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Why We Keep Coming Back

by Robin Bartlett, with a little help from the Track Leaders for the 2008 Publishing University

Every year the Publishing University program becomes more robust. When I took over planning for it 15 years ago, it was a small, localized two-day program with 45 courses and about as many speakers. Today, it is internationally recognized, and it features three full days of programming, with 85 courses in eight tracks, four keynote speakers, early-bird sessions, and the Benjamin Franklin Awards ceremony. The organizational job has grown considerably and now requires the volunteer efforts of eight Track Leaders, 60 volunteer course organizers, and 170 volunteer speakers.

Year after year, the Publishing University planning team conducts member surveys, holds brainstorming meetings, contacts hundreds of volunteers, zaps out tons of email, makes programming changes, and looks forward to yet another Publishing University experience.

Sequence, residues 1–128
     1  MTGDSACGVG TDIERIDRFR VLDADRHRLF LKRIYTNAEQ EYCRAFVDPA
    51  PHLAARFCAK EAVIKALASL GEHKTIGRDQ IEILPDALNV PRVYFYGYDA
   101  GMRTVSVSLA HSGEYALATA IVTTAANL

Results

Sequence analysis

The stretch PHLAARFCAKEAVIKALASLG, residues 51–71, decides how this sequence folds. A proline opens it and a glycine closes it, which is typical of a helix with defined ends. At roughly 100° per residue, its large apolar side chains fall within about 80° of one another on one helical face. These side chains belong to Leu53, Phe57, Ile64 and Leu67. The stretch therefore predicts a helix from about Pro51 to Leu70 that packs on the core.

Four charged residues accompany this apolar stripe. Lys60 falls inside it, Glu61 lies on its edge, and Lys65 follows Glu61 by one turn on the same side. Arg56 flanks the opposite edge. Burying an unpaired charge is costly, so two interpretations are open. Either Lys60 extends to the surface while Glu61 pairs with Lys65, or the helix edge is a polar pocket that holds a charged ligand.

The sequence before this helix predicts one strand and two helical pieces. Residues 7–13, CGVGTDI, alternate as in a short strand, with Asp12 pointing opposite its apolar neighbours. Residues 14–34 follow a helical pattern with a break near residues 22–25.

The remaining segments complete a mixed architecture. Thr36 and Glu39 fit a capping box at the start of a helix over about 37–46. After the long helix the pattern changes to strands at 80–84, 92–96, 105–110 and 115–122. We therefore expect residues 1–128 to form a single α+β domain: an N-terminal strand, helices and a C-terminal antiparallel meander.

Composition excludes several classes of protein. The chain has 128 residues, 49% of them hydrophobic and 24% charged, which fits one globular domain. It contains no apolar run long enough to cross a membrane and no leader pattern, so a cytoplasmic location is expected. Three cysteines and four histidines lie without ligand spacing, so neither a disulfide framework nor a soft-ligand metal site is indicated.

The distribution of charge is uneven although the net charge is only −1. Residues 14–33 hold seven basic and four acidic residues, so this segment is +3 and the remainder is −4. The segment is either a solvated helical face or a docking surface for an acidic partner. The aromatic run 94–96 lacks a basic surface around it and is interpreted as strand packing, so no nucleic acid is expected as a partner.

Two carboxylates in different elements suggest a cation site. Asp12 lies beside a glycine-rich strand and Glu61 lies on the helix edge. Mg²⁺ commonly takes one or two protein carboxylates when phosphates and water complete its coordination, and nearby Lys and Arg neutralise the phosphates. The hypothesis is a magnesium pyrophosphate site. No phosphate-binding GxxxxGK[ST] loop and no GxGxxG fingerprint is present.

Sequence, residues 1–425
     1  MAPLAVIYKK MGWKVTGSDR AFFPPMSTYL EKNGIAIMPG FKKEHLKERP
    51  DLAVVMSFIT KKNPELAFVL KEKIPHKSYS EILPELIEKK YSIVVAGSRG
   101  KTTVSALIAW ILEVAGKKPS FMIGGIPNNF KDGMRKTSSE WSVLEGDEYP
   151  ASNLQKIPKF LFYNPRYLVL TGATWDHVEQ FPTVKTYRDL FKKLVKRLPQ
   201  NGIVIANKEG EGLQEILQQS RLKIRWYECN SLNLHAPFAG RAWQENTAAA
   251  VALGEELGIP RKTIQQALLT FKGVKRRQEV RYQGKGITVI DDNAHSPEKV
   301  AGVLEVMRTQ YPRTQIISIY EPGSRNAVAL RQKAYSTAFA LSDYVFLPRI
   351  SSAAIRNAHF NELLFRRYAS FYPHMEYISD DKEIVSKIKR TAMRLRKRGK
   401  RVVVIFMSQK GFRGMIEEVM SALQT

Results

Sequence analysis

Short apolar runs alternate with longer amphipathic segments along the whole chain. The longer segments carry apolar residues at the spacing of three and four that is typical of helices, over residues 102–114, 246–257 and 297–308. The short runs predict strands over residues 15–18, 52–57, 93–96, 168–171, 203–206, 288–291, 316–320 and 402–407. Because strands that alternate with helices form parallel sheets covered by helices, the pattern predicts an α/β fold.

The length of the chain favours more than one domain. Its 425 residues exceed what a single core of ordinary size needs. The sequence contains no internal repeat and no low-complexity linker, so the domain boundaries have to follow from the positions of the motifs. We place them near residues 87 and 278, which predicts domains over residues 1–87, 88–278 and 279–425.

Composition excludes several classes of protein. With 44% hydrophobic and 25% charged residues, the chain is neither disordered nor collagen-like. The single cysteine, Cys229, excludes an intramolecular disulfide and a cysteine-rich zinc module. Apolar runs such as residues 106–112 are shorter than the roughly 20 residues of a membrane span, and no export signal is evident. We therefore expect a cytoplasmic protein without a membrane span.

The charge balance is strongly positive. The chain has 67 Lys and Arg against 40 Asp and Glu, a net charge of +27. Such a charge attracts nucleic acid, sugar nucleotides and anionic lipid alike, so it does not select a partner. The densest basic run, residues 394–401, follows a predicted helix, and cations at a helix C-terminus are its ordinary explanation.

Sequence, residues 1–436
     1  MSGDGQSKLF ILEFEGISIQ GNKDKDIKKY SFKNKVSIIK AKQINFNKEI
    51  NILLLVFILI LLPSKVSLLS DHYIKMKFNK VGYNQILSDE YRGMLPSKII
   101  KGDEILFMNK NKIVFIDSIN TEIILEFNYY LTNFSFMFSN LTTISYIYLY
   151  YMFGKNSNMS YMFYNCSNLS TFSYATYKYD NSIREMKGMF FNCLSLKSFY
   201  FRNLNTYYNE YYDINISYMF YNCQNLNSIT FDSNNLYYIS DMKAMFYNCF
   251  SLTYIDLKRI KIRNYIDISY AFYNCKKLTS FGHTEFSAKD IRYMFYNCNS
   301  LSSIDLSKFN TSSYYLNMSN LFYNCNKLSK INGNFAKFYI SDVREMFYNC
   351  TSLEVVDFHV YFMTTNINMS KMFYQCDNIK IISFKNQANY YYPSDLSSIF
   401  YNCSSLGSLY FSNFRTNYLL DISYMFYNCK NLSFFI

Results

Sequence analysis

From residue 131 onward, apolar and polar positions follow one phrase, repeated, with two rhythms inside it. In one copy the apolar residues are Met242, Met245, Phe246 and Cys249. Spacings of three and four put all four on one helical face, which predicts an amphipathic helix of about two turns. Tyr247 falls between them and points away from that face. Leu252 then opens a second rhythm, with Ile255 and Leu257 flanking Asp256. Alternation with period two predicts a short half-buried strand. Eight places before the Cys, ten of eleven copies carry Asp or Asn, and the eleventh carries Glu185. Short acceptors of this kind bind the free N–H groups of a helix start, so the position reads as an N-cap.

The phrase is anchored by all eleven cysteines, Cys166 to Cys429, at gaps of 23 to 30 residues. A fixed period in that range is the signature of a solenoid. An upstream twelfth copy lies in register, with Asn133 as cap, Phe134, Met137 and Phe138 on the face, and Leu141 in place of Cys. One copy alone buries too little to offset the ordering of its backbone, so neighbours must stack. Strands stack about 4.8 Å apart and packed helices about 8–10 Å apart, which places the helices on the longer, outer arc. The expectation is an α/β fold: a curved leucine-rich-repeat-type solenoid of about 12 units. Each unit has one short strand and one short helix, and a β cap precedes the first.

Why do we keep coming back and working for Publishing University? That’s the question I posed to this year’s Publishing University Track Leaders. Responses from them offer interesting insights into the program and help explain why it is such an exceptional learning event for new and experienced publishers alike.

It’s the Brain Food

Rod Colvin, publisher of Addicus Books and Editorial and Production Track Leader, has attended every Publishing University since 1995, partly because he knows he’ll get fresh ideas and new knowledge about publishing and marketing. “I have learned more about publishing from Publishing University than from all the other publishing courses and seminars I have ever attended,” Rod says. “Every year I make it a point to teach one or two courses and sit in on as many new courses as I can. I always come away from each year’s program with my brain jam-packed with new ideas and creative solutions to problems.”